With a projected fall in per capita income in more than 170 countries, people without social protection will be worst hit, De Schutter said. Worldwide, about four billion people have no social protection coverage and those in precarious employment, including the 2 billion workers in the informal sector, are often the first to lose their jobs.
"In line with the Sustainable Development Goals, we must move away from a development paradigm that puts economic growth first, while hoping to wipe out the environmental damages and to compensate for the social impacts of increased inequalities afterwards. The model of growth itself should incorporate environmental sustainability and social justice from the start," said the expert.
"In times of crisis of this magnitude, the pledge made within the International Labour Organization to implement universal social protection floors is ever more relevant and critical," De Schutter said.
The UN expert said social security programmes should be regarded as an investment, not a cost. "There are considerable benefits to society from investing in early childhood and social protection schemes that prevent low-income families from falling into poverty, if the recession is to be overcome."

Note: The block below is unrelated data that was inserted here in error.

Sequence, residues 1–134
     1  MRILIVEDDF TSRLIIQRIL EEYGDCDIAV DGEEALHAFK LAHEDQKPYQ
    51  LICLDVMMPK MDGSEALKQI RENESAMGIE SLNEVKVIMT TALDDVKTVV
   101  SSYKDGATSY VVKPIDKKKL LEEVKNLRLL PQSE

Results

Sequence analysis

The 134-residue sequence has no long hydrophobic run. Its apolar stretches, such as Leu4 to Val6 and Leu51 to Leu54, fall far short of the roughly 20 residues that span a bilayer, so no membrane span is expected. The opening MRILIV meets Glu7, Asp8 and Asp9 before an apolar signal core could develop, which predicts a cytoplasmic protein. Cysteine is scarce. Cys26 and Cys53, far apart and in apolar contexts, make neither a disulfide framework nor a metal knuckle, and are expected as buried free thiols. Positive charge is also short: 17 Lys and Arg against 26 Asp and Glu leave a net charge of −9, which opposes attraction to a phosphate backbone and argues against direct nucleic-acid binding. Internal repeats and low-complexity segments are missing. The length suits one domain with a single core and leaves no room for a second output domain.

Moreover, the financing of social protection is affordable: "On average, the cost of financing a full set of benefits included in social protection floors represent 4.2 percent of GDP on average for 57 low-income and lower-middle-income countries. This is the best investment a country can make for its future," De Schutter said.
Developed States have committed at least $8 trillion to defend against the economic impacts of COVID-19. This should be directed towards building a more inclusive economy based on the rights to work and to social security, as well as the rights to adequate housing, healthcare and education.
"Extreme poverty is not about a lack of income alone, or faults of individuals or families. It''s about political choices that exclude, discriminate and marginalise people," De Schutter said.